Science

Astronomers reveal first photograph of a monster black hole at the heart of our galaxy

In another historic first, astronomers using the Event Horizon Telescope have taken the first image of the Milky Way’s supermassive black hole, named Sagittarius A*.

It is the first direct evidence of the supermassive black hole at the centre of our galaxy

This is the first image of Sagittarius A*, the supermassive black hole at the centre of our galaxy. It’s the first direct visual evidence of the presence of this black hole. It was captured by the Event Horizon Telescope (EHT), an array that linked together eight existing radio observatories across the planet to form a single 'Earth-sized' virtual telescope. (EHT Collaboration)

More than 27,000 light-years away, at the heart of our galaxy, lies a supermassive black hole, one that is more than four million times the mass of our sun. It has never been seen.

Until today.

Astronomers using the Event Horizon Telescope (EHT) have taken the first image of the Milky Way's supermassive black hole, named Sagittarius A*.

Astronomers have long speculated about a black hole at our galaxy's centre. Observations of stars near the core showed them orbiting something invisible, which suggested a black hole. Today's image release is a confirmation.

The results were published today in a special issue of Astrophysical Journal Letters.

Black holes are relatively small, invisible, extremely dense regions of space with a gravitational field where anything that crosses their threshold — known as the event horizon — gets pulled in, never to return. This includes light, which is why they are so notoriously difficult to detect, unless they're interacting with a nearby star.

However, in 2019, the EHT — an organization of more than 200 astronomers from around the world, including Canada — released a historic first photograph of a black hole at the centre of another galaxy, Messier 87 (M87), that showed the shadow of the black hole with its surrounding gas illuminated.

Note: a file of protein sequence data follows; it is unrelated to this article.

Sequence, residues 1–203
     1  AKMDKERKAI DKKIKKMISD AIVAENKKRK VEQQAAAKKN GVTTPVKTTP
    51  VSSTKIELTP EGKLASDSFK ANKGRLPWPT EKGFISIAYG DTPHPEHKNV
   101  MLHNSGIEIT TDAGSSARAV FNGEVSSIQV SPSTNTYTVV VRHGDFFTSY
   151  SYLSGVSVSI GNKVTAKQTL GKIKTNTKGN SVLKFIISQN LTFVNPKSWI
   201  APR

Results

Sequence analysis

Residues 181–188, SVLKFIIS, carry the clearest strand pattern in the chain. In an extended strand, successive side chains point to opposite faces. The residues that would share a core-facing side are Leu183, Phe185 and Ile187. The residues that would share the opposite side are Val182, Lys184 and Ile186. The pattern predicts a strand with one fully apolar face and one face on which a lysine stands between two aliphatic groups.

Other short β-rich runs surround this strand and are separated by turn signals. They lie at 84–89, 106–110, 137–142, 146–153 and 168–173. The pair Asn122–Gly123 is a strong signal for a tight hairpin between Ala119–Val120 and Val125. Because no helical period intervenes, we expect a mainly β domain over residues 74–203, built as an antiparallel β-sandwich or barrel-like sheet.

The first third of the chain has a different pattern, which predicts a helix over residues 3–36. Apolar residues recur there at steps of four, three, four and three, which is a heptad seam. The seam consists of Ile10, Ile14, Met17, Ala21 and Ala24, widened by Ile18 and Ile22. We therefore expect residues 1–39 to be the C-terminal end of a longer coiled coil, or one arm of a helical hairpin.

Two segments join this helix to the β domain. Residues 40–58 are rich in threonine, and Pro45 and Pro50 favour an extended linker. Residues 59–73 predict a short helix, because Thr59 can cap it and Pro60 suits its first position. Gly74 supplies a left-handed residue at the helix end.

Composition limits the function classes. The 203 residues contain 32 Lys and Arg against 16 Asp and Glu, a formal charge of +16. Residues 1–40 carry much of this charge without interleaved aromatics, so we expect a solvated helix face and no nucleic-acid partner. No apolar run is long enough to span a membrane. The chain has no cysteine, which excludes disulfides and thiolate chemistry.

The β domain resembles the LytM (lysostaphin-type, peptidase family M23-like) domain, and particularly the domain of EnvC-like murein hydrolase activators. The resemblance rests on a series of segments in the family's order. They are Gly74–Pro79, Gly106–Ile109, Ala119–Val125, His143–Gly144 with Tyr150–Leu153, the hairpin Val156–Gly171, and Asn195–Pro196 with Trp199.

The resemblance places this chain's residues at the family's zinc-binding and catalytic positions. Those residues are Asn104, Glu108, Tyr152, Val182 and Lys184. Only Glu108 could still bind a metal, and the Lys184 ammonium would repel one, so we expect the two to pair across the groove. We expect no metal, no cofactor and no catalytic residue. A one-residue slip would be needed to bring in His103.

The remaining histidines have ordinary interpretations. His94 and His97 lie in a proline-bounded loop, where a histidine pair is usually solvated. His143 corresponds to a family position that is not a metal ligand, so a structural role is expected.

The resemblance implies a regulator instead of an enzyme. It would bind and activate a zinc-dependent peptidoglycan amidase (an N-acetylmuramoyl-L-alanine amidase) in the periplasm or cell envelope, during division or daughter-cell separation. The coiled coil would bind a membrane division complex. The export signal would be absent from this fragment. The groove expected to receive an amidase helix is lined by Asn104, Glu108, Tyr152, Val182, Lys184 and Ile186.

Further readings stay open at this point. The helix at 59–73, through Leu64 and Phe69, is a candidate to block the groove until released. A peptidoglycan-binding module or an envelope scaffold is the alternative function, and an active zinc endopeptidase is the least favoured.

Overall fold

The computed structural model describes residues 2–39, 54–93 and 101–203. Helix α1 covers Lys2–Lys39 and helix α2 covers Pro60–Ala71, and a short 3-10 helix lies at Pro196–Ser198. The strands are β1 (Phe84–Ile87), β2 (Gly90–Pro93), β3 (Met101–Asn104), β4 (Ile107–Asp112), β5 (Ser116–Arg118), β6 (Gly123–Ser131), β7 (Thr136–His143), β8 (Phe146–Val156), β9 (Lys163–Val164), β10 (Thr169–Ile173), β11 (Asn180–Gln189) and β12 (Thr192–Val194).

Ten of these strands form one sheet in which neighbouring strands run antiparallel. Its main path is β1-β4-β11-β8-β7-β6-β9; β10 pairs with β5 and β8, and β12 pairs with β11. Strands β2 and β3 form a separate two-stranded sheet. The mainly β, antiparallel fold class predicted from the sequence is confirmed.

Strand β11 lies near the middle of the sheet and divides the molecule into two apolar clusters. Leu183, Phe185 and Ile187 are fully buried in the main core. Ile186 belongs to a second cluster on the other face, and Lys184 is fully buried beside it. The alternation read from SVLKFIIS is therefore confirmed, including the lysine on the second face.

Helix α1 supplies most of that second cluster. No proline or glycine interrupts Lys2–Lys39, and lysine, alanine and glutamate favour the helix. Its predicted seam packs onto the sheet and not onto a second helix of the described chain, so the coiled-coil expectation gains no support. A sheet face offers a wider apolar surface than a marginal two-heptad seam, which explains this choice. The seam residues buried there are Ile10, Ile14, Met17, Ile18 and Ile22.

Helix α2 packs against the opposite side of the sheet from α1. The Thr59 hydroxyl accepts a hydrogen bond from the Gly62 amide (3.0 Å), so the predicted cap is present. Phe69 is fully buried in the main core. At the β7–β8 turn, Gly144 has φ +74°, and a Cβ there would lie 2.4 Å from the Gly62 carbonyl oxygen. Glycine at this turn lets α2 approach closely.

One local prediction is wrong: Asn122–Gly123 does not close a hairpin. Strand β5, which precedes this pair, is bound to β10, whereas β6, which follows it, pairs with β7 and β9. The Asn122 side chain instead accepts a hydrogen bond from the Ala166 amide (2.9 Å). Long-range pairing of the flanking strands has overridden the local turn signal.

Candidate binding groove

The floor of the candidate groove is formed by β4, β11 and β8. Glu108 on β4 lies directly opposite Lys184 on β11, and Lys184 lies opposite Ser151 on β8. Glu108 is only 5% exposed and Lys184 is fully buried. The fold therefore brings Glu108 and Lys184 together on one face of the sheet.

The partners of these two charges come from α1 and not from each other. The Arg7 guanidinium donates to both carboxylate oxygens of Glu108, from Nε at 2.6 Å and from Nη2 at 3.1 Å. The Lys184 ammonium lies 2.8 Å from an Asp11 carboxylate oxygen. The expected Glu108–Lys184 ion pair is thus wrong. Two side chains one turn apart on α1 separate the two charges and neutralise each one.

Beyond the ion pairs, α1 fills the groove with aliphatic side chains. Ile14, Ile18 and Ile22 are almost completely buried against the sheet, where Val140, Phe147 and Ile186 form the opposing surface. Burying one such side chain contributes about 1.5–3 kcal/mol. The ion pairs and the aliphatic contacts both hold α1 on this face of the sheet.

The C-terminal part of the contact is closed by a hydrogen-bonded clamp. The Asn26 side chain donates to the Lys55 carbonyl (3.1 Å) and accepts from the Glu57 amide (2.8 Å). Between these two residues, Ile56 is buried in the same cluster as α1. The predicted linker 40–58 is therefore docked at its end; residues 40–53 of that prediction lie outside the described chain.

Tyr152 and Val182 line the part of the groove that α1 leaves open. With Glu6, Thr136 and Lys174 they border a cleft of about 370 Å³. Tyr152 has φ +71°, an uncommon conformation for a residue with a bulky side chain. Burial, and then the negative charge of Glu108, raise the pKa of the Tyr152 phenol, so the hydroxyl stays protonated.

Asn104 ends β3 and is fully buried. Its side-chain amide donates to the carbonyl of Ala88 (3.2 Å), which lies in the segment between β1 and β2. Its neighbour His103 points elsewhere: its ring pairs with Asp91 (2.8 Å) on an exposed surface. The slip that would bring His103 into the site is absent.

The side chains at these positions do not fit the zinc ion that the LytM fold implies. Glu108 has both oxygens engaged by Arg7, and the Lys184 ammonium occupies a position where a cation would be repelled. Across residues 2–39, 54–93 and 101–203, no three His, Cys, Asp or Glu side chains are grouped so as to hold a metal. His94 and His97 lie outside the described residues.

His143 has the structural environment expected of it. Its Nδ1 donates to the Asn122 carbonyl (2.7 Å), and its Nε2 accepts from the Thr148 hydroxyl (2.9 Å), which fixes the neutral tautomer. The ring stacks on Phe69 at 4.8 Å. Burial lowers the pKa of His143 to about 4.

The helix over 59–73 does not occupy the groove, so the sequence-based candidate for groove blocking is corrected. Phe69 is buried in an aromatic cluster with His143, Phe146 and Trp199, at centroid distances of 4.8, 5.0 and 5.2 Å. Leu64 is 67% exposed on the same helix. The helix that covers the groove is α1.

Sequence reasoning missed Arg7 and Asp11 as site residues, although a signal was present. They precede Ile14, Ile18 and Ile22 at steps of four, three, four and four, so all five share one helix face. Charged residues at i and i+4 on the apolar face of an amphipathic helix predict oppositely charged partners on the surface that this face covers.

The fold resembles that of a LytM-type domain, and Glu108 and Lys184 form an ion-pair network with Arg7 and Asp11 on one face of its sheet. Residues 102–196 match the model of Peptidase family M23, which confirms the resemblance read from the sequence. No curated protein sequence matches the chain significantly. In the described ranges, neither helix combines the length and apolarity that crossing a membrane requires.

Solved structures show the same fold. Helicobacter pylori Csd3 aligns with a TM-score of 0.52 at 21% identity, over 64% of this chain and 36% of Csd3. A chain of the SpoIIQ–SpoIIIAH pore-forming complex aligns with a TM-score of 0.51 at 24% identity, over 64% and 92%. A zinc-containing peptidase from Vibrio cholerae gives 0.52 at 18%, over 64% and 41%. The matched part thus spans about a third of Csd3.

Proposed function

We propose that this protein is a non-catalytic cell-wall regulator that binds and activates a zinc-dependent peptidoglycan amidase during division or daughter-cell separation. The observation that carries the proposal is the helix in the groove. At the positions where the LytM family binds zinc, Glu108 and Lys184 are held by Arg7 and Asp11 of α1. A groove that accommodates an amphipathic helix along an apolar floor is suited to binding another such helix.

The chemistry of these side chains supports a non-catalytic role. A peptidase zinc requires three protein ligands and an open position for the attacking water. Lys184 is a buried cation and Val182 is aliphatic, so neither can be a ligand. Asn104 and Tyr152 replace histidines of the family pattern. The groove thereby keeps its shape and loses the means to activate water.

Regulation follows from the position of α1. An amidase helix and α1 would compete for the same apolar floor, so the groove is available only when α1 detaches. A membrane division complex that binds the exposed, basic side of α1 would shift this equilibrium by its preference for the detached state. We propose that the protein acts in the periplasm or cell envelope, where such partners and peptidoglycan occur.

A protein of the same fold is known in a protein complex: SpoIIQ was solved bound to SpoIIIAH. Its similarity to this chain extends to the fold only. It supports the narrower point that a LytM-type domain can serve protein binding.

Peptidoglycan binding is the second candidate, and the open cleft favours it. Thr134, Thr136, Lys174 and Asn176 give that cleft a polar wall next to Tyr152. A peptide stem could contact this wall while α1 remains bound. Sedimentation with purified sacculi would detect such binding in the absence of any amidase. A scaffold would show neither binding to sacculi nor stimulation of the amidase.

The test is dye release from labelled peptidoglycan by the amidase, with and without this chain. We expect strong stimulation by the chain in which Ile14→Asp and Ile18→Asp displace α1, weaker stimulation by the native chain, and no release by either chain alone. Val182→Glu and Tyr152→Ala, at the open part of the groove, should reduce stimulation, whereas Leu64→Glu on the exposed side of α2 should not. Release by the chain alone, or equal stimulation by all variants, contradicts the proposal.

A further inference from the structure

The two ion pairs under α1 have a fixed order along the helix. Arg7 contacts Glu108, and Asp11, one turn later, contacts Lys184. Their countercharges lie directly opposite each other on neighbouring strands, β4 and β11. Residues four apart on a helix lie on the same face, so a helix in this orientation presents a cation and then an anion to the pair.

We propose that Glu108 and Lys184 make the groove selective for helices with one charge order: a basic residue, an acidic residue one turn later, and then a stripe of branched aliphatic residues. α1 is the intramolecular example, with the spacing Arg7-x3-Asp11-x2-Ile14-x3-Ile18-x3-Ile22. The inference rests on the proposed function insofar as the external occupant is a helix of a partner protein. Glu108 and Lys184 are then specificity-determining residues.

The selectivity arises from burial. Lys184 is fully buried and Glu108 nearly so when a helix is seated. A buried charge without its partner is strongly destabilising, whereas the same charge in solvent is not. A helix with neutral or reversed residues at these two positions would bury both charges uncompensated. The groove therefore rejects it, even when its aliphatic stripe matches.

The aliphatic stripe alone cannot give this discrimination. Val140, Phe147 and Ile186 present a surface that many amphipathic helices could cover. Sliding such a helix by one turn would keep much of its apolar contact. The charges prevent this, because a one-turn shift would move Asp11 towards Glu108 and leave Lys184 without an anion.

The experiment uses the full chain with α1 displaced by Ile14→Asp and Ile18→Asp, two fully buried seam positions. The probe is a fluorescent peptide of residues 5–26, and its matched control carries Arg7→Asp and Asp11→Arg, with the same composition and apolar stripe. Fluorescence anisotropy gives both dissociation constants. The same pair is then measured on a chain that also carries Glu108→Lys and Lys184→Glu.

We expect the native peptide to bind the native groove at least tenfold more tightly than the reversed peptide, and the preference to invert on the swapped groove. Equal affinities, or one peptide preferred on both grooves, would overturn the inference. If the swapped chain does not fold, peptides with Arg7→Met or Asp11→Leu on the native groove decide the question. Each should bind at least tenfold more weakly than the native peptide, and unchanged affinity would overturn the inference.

Size comparison of the two black holes imaged by the Event Horizon Telescope (EHT) Collaboration: M87*, at the heart of the galaxy Messier 87, and Sagittarius A* (Sgr A*), at the centre of the Milky Way. The image shows the scale of Sgr A* in comparison with both M87* and other elements of the solar system such as the orbits of Pluto and Mercury. (EHT Collaboration)

Like M87, the newly published image shows the hot material surrounding the shadow of Sagittarius A* (pronounced Sagittarius A-star). 

Astronomers also revealed that Sagittarius A* is spinning — which was unknown before this image — and is tilted so that it is facing us edge on.

As for how much is falling into it, astronomer and EHT collaborator Sara Issaoun said that comparatively, it would be like a human eating one grain of rice once every million years.

The image was made using eight radio telescopes in six sites around the world: Chile, Mexico, Spain, Hawaii, Arizona and even the South Pole. Used together, they act as a giant, Earth-sized telescope capable of obtaining much more detailed images. The data for both M87 and Sagittarius A* were collected in 2017.

More than pretty pictures, the data collected may shed light not only on the formation of supermassive black holes but also the role they played in the early universe and the role they continue to play at the heart of galaxies, most of which are home to these puzzling structures.

That's the hope, anyway, of astronomers and astrophysicists around the world.